I definitely agree that your scheme is both "setting-neutral" and "presentation-neutral," and I think that's its greatest strength--it's tackling the issue of defining genre through categorizing the player's activity rather than the game's format.

I guess I'm just biased against the thought of "RPG" as a genre, simply because it's about as non-descriptive and unhelpful a term as "casual" (while being similarly loaded with biases on both sides). It's a presentation style that works its way into many genres. (ex. When I play Spiderman games, I'm playing the role of Spiderman.) Maybe we could someday work to find another name for this style of game. My personal vote goes for "Character-based Strategy games." The game is more oriented toward strategy than action (stats weigh more than "twitch" skill), but that strategy centers around how a character (or party of characters) are equipped and skilled.

And of course, those can be either "Realtime Character-based Strategy" like Fallout 3, or "Turn-Based Character-based Strategy" like the old Final Fantasy games. I think Borderlands is definitely a shooter, but with a strategy sub-game running parallel to the dominant shooter gameplay.

And, to be sure, I'm totally nitpicking with this, as are all of us. Take that as a good sign--it means the idea in its current form is strong enough that there's nothing left to do but some minor tuning and tweaking. I appreciate that this wheel represents months of (likely occasionally heated) discussion and compromise. It really does a very good job. The summary of my (very minor) complaints are:

1) Wah, wah, I don't like the term RPG. I'd prefer something more descriptive like "Character-based Strategy."

2) I think the Conflict/Exploration dichotomy is misleading in terms of the names you've given those dimensions. I recommend "Direct Conflict" (enemies working to prevent your success) versus "Indirect Conflict" (environmental hazards, or opponents working to beat you to a goal rather than prevent your advance)--to avoid the impression that "exploration" games are devoid of conflict.

Great article! I'm currently studying game theory and we just got assigned to write an analysis of a game based on genre! There are not a whole lot of texts discussing this topic so this article is amazingly good source material :D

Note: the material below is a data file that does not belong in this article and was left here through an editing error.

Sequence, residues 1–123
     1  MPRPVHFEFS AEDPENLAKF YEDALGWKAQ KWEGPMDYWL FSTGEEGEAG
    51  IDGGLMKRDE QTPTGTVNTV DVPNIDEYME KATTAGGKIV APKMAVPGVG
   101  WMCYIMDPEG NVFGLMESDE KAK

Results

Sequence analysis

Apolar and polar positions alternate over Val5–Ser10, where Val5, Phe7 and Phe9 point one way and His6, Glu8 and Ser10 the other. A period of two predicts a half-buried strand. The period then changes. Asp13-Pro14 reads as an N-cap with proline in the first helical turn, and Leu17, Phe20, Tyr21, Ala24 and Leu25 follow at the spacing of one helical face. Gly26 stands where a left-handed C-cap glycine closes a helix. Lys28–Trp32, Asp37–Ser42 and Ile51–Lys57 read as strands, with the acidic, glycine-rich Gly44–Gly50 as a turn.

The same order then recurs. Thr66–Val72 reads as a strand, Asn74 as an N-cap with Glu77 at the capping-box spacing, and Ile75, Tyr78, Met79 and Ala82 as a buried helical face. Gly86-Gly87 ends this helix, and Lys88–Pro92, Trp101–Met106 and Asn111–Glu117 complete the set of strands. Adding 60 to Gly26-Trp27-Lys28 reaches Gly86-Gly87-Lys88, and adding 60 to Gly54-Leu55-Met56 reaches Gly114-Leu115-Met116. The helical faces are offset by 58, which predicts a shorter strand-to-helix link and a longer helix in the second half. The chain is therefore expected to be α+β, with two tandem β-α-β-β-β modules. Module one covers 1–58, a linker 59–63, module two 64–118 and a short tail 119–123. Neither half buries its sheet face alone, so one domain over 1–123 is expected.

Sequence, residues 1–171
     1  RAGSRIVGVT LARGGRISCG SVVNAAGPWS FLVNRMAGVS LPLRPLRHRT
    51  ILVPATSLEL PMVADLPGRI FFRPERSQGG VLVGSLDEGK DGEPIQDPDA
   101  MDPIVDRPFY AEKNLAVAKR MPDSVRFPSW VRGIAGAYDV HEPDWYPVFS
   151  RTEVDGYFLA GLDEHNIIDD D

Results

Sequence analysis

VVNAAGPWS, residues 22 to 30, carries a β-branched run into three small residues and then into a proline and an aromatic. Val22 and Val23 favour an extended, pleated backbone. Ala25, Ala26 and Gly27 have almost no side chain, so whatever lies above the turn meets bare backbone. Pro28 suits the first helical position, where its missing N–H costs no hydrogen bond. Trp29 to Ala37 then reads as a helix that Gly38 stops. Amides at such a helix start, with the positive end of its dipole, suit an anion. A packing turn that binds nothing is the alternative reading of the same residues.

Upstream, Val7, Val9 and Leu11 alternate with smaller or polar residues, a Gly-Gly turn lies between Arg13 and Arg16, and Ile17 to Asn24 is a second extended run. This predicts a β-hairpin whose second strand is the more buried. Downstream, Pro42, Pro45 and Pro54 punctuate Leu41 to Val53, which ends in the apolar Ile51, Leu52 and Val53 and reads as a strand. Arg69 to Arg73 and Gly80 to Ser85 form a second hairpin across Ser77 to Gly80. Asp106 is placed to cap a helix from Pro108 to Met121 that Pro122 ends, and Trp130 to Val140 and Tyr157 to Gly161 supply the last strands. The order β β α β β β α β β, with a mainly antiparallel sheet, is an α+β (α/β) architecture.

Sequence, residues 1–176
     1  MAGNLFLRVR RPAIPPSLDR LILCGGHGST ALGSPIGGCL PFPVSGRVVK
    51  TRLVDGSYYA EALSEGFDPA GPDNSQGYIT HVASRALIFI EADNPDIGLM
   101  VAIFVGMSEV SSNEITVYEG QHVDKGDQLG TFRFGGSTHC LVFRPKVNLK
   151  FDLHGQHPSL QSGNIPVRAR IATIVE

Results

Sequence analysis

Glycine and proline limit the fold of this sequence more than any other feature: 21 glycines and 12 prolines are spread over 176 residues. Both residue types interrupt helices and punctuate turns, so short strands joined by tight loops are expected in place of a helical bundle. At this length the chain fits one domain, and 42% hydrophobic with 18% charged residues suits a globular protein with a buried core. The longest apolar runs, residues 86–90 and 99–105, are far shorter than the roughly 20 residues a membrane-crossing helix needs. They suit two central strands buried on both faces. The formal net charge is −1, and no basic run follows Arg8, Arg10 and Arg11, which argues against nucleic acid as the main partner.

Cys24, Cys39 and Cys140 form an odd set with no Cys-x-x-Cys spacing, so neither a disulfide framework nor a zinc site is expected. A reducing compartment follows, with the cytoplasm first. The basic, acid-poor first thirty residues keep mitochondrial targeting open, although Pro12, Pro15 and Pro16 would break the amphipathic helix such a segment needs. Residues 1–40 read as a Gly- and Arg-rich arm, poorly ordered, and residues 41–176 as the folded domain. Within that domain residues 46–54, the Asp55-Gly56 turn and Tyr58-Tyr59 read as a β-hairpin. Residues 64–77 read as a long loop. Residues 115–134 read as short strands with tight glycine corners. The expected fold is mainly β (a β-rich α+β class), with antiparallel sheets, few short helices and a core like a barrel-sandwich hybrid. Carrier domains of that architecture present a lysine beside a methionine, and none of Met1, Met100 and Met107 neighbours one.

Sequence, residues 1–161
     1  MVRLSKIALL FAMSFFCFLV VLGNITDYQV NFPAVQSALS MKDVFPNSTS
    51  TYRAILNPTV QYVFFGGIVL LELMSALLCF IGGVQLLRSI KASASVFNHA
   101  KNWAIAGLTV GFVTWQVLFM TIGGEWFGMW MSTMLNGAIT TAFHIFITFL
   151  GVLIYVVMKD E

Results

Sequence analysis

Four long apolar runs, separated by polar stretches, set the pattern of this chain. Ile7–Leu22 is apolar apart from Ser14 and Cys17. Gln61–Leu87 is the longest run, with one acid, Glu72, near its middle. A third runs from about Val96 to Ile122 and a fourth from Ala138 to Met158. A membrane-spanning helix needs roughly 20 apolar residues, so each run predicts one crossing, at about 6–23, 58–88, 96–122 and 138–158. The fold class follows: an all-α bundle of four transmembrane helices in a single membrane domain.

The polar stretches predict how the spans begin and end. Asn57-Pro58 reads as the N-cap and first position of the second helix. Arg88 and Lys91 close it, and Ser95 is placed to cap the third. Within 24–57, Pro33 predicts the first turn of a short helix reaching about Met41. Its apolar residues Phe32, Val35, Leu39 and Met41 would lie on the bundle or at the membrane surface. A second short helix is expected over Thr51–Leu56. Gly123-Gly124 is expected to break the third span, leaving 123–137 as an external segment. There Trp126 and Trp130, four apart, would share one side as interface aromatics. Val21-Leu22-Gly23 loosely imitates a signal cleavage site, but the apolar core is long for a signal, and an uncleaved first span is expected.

Very interesting article. I always enjoy thinking about the essence of games and why I enjoy some and hate others.

I decided to mark the chart based on my preferences. It was a very interesting exercise, which I recommend you all try. See this picture:

http://i275.photobucket.com/albums/jj317/Brumbek/EscapistWheel-BrumbeksPicks.jpg

So interestingly, my favorite choices represent nearly the entirety of gaming genres. And interestingly, two of my absolute favorite genres are diametrically opposed on this chart (SE, AC). And two of my second favorites types are also opposed (AE, SC).

If someone wishes to tell me what this all means, please do. I think it means I'm a very well adjusted gamer who enjoys massive action and conflict FPS games and also loves strategically exploring vast worlds. Or maybe this means I'm schizophrenic???

dastardly:
I guess I'm just biased against the thought of "RPG" as a genre, simply because it's about as non-descriptive and unhelpful a term as "casual" (while being similarly loaded with biases on both sides). It's a presentation style that works its way into many genres. (ex. When I play Spiderman games, I'm playing the role of Spiderman.) Maybe we could someday work to find another name for this style of game. My personal vote goes for "Character-based Strategy games." The game is more oriented toward strategy than action (stats weigh more than "twitch" skill), but that strategy centers around how a character (or party of characters) are equipped and skilled.

...

And, to be sure, I'm totally nitpicking with this, as are all of us. Take that as a good sign--it means the idea in its current form is strong enough that there's nothing left to do but some minor tuning and tweaking. I appreciate that this wheel represents months of (likely occasionally heated) discussion and compromise. It really does a very good job.

We thought it would be needlessly pedantic to jettison the current genre labels and would actually be working against the purpose of the chart.

For me, RPGs are primarily about: 1) stat-based character advancement, 2) rules-oriented combat, and 3) story consequences driven by player choice. Those are all fairly mechanical considerations and not at all concerned with the philosophical definition of "roleplaying" as "playing a role" -- except to the extent that the values a player projects into the game affect the way the game is played. I admit, the lack of a common definition is problematic but within the context of this wheel, RPG represents a very specific gameplay style.

Also, I love nitpicking.

Steve Butts:

dastardly:
I guess I'm just biased against the thought of "RPG" as a genre, simply because it's about as non-descriptive and unhelpful a term as "casual" (while being similarly loaded with biases on both sides). It's a presentation style that works its way into many genres. (ex. When I play Spiderman games, I'm playing the role of Spiderman.) Maybe we could someday work to find another name for this style of game. My personal vote goes for "Character-based Strategy games." The game is more oriented toward strategy than action (stats weigh more than "twitch" skill), but that strategy centers around how a character (or party of characters) are equipped and skilled.

...